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The present book deals with canonical factorization of matrix and operator functions that appear in state space form or that can be transformed into such a form. A unified geometric approach is used. The main results are all expressed explicitly in terms of matrices or operators, which are parameters of the state space representation. The applications concern different classes of convolution equations: the transport equation, singular integral equations, Wiener-Hopf equations with symbols analytic in a strip, and equations involving factorization of non-proper rational matrix functions. The analysis of canonical factorization for functions with symmetries, including spectral and J-spectral factorizations, related Ricatti equations, and elements of H-infinity control theory are also main topics.This book is the second book written by the four authors in which the state space factorization method is systematically used and developed further. In their first book, released in 2007, the emphasis is on non-canonical factorizations and degree one factorizations, in particular. The present book concentrates on canonical factorization and its applications. Together both books present a rich and far reaching update of the 1979 monograph, the first book in the OTAA series, written by the first three authors.
Dr. Joseph M. Gambescia, a pious, devout student for seeking God's grace, wrote Reflections... during his pilgrimage to the canonization of John Neumann. He was one of two physicians (Dr. William Zintl) appointed by the Vatican in November 1962 to examine the body of Blessed John Neumann, buried in St. Peter the Apostle Church in Philadelphia. He re-examined the body in 1964 at the request of the director of the Shrine of Blessed John Neumann. Subsequently, he reviewed medical records of several people for the director of the national shrine, to help validate any medical miracles. Dr. Gambescia took a pilgrimage to Rome in 1977 during the canonization of John N. Neumann (he was the third American saint at that time and the first male saint). He gives a unique layman's perspective as one who had touched a saint, worked tirelessly to heal the sick, and thought about the enduring questions in life: Who am I? What is my purpose in life? What is my relationship to other people in this world? What is my relationship to God? How do I best live the Magis?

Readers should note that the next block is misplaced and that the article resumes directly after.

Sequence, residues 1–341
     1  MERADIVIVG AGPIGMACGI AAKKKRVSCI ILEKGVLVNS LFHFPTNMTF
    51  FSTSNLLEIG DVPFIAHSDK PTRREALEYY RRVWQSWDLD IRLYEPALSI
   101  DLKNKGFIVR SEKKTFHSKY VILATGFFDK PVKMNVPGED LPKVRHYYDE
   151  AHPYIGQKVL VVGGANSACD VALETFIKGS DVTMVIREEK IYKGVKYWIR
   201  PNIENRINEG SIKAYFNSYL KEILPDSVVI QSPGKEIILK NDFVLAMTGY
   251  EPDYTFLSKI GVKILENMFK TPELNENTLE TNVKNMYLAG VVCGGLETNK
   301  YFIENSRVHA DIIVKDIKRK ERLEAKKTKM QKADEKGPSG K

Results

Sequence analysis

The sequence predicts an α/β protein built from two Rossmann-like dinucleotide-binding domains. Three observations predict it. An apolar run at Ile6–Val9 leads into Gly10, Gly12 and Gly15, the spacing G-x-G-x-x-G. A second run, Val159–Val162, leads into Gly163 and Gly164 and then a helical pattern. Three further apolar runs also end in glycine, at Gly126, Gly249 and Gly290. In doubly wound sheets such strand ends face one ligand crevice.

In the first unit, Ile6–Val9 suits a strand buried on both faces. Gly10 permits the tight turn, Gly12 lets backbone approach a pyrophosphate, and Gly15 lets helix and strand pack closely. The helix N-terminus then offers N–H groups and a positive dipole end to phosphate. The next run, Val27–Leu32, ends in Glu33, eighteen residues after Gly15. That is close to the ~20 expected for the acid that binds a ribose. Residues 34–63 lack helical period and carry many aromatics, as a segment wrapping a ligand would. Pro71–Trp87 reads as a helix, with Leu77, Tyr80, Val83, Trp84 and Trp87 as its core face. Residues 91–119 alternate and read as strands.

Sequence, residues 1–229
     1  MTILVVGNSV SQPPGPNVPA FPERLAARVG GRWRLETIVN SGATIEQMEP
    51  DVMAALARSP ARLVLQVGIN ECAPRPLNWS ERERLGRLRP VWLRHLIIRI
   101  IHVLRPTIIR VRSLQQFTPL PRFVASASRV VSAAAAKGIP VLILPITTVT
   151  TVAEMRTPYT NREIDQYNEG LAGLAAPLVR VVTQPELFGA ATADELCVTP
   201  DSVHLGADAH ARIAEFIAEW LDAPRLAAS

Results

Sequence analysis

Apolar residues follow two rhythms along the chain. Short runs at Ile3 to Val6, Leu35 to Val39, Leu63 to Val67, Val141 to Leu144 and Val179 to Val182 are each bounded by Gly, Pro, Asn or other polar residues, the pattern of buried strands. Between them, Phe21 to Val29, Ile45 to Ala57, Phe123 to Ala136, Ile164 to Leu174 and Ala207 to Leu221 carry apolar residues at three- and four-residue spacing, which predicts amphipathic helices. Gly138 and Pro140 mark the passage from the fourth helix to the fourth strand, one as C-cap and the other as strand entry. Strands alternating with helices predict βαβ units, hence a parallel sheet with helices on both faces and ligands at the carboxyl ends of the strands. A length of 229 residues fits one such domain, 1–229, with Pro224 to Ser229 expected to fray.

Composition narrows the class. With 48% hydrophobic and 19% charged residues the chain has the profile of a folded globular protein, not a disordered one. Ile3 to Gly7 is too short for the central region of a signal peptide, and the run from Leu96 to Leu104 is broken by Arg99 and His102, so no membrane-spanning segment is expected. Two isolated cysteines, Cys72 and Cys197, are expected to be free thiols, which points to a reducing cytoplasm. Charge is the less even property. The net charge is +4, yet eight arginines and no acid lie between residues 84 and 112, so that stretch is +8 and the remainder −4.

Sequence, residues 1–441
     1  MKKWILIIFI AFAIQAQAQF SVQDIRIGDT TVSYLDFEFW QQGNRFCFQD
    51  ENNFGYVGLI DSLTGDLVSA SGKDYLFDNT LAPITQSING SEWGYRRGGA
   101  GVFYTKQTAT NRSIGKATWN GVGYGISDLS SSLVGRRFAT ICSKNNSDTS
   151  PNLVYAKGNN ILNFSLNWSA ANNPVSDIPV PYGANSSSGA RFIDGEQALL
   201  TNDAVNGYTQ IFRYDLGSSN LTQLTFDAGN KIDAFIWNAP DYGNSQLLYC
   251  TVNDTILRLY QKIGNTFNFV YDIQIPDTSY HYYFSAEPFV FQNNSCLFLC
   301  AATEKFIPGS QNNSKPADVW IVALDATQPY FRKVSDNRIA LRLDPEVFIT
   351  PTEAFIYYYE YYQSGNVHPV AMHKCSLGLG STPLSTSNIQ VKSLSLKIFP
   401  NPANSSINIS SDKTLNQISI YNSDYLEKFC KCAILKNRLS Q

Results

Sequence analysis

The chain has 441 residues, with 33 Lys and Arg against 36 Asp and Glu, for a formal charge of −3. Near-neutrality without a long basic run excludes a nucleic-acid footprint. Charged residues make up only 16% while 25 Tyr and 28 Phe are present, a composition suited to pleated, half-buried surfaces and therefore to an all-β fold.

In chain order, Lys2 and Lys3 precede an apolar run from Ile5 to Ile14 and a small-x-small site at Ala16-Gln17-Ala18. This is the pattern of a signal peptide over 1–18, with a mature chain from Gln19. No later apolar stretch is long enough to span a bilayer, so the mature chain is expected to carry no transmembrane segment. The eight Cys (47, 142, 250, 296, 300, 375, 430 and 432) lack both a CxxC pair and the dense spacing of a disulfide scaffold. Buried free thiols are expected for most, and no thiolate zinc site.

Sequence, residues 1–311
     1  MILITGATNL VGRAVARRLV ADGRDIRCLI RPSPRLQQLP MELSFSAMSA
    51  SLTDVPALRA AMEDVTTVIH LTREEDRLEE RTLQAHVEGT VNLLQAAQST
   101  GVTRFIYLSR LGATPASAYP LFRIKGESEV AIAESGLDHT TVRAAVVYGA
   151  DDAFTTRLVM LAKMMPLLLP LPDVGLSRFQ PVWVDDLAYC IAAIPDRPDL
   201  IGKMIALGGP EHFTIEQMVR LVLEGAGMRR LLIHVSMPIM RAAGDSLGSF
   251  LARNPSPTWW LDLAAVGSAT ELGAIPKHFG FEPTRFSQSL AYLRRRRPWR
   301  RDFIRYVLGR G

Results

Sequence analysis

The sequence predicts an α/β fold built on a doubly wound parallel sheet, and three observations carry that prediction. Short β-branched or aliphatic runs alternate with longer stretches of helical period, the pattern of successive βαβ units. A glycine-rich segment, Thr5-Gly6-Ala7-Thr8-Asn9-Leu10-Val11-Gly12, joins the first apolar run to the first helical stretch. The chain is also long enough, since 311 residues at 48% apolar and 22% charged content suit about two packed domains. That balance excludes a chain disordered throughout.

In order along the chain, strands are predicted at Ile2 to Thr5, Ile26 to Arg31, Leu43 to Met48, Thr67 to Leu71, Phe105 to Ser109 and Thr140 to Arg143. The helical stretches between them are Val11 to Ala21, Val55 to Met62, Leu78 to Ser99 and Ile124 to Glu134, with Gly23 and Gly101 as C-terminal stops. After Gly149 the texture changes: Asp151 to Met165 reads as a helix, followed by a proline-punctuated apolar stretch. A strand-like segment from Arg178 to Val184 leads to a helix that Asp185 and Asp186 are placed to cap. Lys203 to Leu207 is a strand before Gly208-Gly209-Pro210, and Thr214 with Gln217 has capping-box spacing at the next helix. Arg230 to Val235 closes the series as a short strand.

Now, for the first time ever, there is a study of the poetry of Charles of Orleans that considers together the English, French, and Latin versions of this large and important body of lyric. Charles was a captive in England following the battle of Agincourt, pulled literally from beneath a heap of bodies and armor. During his twenty-five-year imprisonment, Charles wrote hundreds of poems in French and English, including the over 6,500 lines that form the first single-author lyric book in English. Coldiron analyzes several aspects of the poetry's significance, including its positions in literary history and theory, and its unusual challenges to medieval and Renaissance period categories. This well-written book explores Charles's poetic subjectivity and also presents unprecedented original primary research on the poet's final manuscript, a French-Latin book in facing column format. With theoretical sophistication, literary sensitivity, a richly contextualizing comparative method, and common sense, Coldiron argues that these translations connect cultures, languages, and literary traditions that were undergoing a crucial moment of conflict and separation just before the Tudor period.
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